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FOR IMMEDIATE RELEASE Contact: George Felcyn
April 18, 2006 The PBN Company
Tel. 202-466-6210


CITAC CALLS ON COMMERCE DEPARTMENT TO STOP “ZEROING” PRACTICE
FOLLOWING WTO RULING

Washington DC — The Consuming Industries Trade Action Coalition (CITAC) called on the Department of Commerce to cease the practice of “zeroing” in antidumping determinations following the World Trade Organization’s Appellate Body decision today declaring that the practice is inconsistent with WTO rules.

“Zeroing in antidumping cases artificially inflates dumping margins by selectively ignoring certain transactions in the dumping margin calculation — that is, non-dumped transactions that would reduce or eliminate the margin of dumping,” said CITAC Executive Director Steve Alexander. “In so doing, ‘zeroing’ ends up punishing U.S. consumers of imported products.”

Zeroing refers to the treatment of U.S. export sales when they are compared to “normal value,” or the foreign value of similar goods. Goods that are sold for less than their normal value are considered “dumped.” Often, however, transactions in the U.S. occur at prices higher than the relevant “normal value.” The Commerce Department’s practice has been to ignore those higher than normal value sales by treating them as “zero margin” sales rather than averaging them into the calculation, which could reduce — or negate — dumping margins. Today’s WTO ruling declares that such “negative margin” sales should be fully counted, thereby offsetting the “positive margin” sales to arrive at a margin of dumping for all the sales of a covered product

Many American manufacturing companies source inputs such as steel, cement and lumber from overseas. When excessive antidumping duties are imposed, the protection comes at a high price for these U.S. consuming industries. “By ensuring that the calculation of dumping duties is conducted fairly, consuming industries would no longer be hurt unnecessarily,” said Alexander.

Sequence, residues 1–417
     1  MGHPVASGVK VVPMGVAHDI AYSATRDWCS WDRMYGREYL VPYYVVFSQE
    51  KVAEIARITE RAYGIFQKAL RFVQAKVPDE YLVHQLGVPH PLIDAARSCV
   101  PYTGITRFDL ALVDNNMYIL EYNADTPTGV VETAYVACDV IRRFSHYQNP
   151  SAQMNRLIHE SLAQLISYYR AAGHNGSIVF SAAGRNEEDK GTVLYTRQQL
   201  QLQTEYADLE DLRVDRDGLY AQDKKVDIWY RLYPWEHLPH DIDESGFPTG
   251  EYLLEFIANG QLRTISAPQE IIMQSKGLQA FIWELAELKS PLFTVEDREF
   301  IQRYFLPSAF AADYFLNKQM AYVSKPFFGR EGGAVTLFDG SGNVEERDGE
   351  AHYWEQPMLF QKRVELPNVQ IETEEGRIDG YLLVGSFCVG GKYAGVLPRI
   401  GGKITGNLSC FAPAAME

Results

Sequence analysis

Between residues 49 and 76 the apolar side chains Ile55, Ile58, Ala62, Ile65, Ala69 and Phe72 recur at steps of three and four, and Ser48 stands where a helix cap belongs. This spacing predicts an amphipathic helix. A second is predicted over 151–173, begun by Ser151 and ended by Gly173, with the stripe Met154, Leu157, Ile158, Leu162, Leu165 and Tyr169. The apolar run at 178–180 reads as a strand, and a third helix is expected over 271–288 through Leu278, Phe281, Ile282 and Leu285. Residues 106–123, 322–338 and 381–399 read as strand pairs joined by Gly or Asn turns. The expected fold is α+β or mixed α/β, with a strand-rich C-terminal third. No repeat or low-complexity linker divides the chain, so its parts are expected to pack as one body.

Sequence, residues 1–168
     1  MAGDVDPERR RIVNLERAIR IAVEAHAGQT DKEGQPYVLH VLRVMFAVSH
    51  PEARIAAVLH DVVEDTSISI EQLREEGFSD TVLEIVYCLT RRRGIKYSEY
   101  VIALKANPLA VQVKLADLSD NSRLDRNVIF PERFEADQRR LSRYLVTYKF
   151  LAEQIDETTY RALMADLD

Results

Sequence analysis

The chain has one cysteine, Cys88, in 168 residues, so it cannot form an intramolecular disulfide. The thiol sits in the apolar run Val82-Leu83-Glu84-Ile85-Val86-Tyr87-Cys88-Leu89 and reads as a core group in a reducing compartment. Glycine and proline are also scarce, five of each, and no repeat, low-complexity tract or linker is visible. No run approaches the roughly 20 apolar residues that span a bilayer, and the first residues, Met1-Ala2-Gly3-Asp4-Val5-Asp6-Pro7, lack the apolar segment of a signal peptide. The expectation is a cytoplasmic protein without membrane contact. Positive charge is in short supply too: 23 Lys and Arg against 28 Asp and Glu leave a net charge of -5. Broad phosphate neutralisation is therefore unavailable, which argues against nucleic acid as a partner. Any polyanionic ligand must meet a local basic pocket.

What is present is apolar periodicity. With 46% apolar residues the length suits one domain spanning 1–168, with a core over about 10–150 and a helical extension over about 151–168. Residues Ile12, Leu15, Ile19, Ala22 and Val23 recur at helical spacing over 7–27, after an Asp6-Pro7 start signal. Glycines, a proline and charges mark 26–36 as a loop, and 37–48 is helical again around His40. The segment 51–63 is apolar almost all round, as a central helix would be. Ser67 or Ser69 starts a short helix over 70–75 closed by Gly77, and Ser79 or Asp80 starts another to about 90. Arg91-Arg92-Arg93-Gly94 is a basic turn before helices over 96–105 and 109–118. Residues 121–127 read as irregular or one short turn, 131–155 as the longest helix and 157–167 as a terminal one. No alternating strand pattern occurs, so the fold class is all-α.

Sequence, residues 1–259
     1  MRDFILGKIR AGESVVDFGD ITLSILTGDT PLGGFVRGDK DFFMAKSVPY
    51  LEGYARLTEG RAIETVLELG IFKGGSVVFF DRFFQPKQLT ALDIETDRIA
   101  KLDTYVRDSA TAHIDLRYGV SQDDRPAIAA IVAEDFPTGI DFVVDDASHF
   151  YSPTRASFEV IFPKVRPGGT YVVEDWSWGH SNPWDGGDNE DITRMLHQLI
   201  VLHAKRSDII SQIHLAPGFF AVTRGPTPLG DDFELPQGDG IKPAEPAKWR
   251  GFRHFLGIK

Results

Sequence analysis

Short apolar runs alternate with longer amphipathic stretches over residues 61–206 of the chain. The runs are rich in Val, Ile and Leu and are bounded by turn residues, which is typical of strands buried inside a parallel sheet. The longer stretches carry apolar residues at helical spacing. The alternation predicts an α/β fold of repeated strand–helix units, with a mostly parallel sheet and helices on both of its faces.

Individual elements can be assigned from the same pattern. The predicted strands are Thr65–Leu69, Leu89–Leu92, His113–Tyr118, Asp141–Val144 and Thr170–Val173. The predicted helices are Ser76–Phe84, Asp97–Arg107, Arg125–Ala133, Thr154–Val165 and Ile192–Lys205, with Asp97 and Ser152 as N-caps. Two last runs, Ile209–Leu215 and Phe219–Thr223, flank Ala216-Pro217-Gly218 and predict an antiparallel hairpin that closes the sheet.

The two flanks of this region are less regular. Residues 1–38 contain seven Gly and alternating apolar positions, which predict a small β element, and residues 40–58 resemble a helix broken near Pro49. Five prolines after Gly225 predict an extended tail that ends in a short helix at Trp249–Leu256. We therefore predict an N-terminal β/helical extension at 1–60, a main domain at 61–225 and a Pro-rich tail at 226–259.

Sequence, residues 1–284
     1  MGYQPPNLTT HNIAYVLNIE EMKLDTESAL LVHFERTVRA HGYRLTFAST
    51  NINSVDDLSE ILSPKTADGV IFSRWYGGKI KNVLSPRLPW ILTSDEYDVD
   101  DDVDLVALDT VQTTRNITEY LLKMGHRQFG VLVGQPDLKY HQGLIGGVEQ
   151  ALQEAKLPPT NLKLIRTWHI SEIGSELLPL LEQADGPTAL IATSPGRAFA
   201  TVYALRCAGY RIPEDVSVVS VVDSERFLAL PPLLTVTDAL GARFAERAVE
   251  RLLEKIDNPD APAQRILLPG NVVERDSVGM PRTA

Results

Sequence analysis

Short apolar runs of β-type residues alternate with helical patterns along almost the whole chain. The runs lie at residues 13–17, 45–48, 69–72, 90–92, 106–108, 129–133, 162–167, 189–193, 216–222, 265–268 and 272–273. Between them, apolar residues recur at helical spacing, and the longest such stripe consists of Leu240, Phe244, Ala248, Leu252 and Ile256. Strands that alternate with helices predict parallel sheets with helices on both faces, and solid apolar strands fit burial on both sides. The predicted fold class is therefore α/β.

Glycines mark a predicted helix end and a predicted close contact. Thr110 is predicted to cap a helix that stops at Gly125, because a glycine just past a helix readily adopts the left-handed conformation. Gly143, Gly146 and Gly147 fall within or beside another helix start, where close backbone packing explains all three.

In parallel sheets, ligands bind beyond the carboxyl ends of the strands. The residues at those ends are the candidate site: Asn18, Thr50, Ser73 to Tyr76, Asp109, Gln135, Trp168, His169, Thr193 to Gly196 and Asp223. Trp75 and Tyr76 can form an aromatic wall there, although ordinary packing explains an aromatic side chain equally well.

“Recognizing that negative comparisons exist is basic to the fairness of the dumping calculation,” noted CITAC Counsel Lewis Leibowitz, a partner in the law firm of Hogan & Hartson LLP. “An accurate measure of dumping can only be achieved when all pricing comparisons — both positive and negative — are factored into the calculation.”

Concluded Alexander, “The Administration, Congress and the courts, as well as the WTO, are starting to recognize that U.S. manufacturers are hurt from excessive protectionism. Recently, the Administration has opened the door to changing its policy on zeroing, Congress has finally repealed the damaging Byrd Amendment, and the courts have ruled that Byrd Amendment distributions on goods imported from Canada and Mexico are contrary to law. CITAC is committed to work for further improvements to the trade remedy laws, not to ‘weaken’ them, but rather to improve them so that they work for all Americans.”

 


CITAC is a coalition of companies and organizations committed to promoting a trade arena where U.S. consuming industries and their workers have access to global markets for imports that enhance the international competitiveness of American firms.

For additional information, visit www.citac.info or contact George Felcyn at The PBN Company at (202) 466-6210 or .

 

 

 

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